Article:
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  • When i was 9, my babysitter stole a row boat and took us for a jaunt.Who knows what she was thinking? The water was cold, the sky was grey, and the wind came up. When she couldn't get the boat back across the lake, she decided that swimming back was the best option, and over we went. Within moments, I was going under. Heavy clothes, cold water, and fear sucked me down. Looking up, I saw a lovely circle of light, and an angel flying down, to get me. I was not a religious child, but firmly believed in Fairies, angles, and ghosts, irreverently classing those creatures together.

    Let me back up. It was the late 1970's, and the lake we were on was in a very segregated part of Northern Michigan. White people as far as they eye could see. No signs of laws kept out Black folks, just fear and discomfort and custom. In fact, at the age of nine, I had never spoken to a Black person, unless they worked at a store we went to.Many Black people never learned to swim at all. This made the angel even more notable, because he was a Black man. A Black man wearing overalls, and with a giant mound of puffy hair, that my one hand gripped, as the other hand gripped the overall strap.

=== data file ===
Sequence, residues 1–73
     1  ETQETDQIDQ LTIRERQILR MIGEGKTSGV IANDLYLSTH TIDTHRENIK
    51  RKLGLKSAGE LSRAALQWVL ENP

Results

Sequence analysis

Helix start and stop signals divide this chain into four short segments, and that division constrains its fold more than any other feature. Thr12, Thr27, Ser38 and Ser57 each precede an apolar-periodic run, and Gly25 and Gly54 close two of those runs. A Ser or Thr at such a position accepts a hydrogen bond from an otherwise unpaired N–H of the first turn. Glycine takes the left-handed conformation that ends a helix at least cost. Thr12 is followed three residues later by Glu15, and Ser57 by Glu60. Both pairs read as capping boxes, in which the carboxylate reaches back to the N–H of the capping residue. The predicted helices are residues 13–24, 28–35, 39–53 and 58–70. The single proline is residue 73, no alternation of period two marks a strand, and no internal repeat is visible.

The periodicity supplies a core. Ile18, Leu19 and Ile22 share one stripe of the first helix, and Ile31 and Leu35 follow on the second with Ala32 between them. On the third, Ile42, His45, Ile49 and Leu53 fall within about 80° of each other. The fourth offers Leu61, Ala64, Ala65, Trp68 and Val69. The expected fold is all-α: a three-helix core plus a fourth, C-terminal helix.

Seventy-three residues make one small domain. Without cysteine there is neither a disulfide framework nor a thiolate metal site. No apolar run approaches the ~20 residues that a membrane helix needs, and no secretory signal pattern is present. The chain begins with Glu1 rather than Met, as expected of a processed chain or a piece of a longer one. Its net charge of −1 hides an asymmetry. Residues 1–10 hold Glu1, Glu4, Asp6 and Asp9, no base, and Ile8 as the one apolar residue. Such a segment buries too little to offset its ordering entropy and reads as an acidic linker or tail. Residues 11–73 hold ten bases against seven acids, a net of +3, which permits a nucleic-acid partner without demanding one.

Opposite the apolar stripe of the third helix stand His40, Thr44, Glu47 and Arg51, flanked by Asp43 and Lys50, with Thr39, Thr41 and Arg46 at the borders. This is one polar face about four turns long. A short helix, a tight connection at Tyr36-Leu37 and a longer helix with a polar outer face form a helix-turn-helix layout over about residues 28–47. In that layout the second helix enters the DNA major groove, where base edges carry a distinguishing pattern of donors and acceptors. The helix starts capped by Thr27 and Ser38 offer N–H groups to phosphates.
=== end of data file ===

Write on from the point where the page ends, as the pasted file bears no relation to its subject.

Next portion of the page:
Much to my surprise, when we broke the surface of the water, we did not continue upward to see Jesus. He swam to shore, one of his arms, shiny in the water, wrapped around my back, me facing him, holding his hair and clothes in mute surprise. He took me to the shore, spoke softly to me, sharply to the older girl, and was gone. Many adults came, who saw him quietly walk off, wondering who he was but not asking. And there was my mother, shaking me, crying, screaming. I slept for a long time that afternoon, and I never saw my angel again.

    Now that I struggle in the valley of the shadow of depression, I wonder what this all means. Was I meant to die, and that is why things can be so difficult? Or was I meant to live, and that is why things can be so difficult? Or like all of life, was is just chance?
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